Slow go­ing

End of an era for Mve­laphanda

Finweek English Edition - - Companies & markets - LLEWELLYN JONES

THE EASTER SCHOOL HOL­I­DAYS al­ways guar­an­tee a small turnout for our direc­tors’ deal­ings re­port. That may lead to the sneak­ing sus­pi­cion that it could, in fact, be ju­ve­niles and teenagers who are ac­tu­ally pulling the strings of cor­po­rate South Africa. Them and the mort­gage. But one in­ter­est­ing snip­pet that caught our eye last week was the news that John Moxon had re­signed from the board of the Mve­laphanda Group. For most peo­ple that will prob­a­bly il­licit the re­sponse: “Who’s he?” – a sen­ti­ment with which we cer­tainly sym­pa­thise. He’s most of­ten de­scribed by busi­ness ac­quain­tances as a very “private” in­di­vid­ual. Recluse is more like it.

When this re­porter called the then Reb­hold Group to re­quest an in­ter­view with Moxon in the mid-Nineties, I was told quite bluntly that he didn’t give in­ter­views and didn’t want his pic­ture taken.

Moxon is bet­ter known in Zim­babwe, where he’s the con­trol­ling share­holder of the Meik­les group, one of Zim­babwe’s largest cor­po­rate en­ter­prises. Meik­les has in­ter­ests in bank­ing (it owns 33% of King­dom Fi­nan­cial Hold­ings), ho­tels (in­clud­ing 50% of the Cape Grace Ho­tel at the V&A Wa­ter­front in Cape Town) and the re­tail sec­tor.

The only per­sonal in­for­ma­tion the Meik­les web­site gives about Moxon is that he’s a char­tered ac­coun­tant and that he re­ceived an MBA from the Univer­sity of Cape Town.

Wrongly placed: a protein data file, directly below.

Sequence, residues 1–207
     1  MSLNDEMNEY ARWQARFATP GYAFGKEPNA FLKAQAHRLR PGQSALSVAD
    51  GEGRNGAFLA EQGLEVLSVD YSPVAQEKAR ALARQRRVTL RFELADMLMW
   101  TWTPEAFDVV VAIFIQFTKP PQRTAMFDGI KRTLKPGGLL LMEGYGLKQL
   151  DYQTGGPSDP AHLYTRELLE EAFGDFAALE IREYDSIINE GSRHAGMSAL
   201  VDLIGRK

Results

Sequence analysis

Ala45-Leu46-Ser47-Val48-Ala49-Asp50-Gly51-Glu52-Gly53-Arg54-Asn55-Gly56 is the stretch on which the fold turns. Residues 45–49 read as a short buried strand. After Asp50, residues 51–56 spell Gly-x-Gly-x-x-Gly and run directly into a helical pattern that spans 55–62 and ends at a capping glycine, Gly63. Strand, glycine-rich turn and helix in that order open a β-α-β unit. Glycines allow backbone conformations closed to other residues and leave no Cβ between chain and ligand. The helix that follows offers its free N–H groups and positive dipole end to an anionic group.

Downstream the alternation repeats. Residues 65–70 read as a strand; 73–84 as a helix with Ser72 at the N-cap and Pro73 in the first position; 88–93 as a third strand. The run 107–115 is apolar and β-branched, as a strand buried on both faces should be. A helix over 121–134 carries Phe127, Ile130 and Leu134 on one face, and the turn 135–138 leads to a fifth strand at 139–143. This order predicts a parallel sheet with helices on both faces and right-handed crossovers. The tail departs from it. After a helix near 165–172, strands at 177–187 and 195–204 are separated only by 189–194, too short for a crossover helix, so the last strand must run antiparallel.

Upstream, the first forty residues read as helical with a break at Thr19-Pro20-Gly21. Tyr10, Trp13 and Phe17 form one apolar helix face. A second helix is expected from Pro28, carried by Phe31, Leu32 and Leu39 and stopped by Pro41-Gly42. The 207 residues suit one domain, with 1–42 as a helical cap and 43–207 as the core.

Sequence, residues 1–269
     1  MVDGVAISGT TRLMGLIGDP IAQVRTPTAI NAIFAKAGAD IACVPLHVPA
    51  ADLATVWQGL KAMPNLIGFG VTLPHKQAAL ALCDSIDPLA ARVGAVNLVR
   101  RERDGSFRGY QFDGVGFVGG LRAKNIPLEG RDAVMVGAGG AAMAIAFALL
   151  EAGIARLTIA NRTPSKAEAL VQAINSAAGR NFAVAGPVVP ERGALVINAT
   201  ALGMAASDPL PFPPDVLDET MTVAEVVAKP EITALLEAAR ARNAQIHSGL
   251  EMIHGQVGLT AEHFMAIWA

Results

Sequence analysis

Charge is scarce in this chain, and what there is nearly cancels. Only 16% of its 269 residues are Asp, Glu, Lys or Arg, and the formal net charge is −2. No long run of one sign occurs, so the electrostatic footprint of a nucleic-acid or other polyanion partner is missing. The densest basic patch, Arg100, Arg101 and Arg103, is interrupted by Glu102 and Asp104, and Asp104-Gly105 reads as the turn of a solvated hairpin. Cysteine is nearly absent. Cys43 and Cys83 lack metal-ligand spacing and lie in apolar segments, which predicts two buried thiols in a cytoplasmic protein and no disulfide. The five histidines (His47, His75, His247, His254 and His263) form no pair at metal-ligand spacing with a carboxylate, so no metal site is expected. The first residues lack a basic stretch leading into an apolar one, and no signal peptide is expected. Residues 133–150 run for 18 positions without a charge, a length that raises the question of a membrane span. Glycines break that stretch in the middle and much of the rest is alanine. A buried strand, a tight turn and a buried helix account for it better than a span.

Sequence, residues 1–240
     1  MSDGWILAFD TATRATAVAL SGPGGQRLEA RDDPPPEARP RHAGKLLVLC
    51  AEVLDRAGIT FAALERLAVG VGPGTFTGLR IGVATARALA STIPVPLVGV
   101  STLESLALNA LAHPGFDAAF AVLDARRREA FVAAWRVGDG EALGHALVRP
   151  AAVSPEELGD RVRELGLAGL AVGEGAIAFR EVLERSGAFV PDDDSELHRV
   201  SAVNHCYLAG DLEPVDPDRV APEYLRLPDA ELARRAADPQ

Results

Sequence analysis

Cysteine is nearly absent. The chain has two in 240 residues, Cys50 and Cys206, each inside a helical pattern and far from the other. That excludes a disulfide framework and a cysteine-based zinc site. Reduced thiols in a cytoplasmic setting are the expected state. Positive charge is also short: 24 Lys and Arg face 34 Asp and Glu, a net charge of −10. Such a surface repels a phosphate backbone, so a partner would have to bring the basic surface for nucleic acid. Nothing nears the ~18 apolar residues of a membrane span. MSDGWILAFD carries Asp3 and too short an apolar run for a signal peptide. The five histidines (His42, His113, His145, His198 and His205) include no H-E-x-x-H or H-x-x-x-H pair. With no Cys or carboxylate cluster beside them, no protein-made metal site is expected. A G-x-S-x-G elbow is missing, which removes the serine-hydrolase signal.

Mve­laphanda is com­ing to the end of an era with Moxon’s de­par­ture from the group.

He was one of the key fig­ures in es­tab­lish­ing Reb­hold (the fore­run­ner to Mve­laphanda), es­sen­tially pro­vid­ing the fi­nan­cial where­withal to Stephen Leven­berg, Mackie Brodie and Jac­ques Kem­pen to buy con­trol of Rebel from Jan Pi­card in the Nineties and de­velop it into an in­dus­trial ser­vices busi­ness.

Back then, Reb­hold was touted as the ve­hi­cle for Moxon’s ex­pan­sion in SA. Reb­hold was listed in 1996 and later merged with Cyril Ramaphosa’s Mo­lope Group in 1999 to be­come Reb­serve. It mor­phed into the Mve­laphanda Group in 2004, when it merged with Tokyo Sexwale’s busi­ness in­ter­ests.

Leven­berg, the out­go­ing CEO of Mve­laphanda, says that one of the rea­sons for Moxon’s res­ig­na­tion is that the Meik­les Group has plans to ex­tend its busi­ness in­ter­ests in SA and he be­lieved it was good cor­po­rate gov­er­nance to re­sign.

How­ever, you also get the feel­ing that Moxon is leav­ing be­cause the busi­ness has de­vel­oped a life of its own be­yond the origi- nal part­ners, who have now all moved on. It’s sim­ply the end of an era.

Good cor­po­rate gov­er­nance. Stephen Leven­berg


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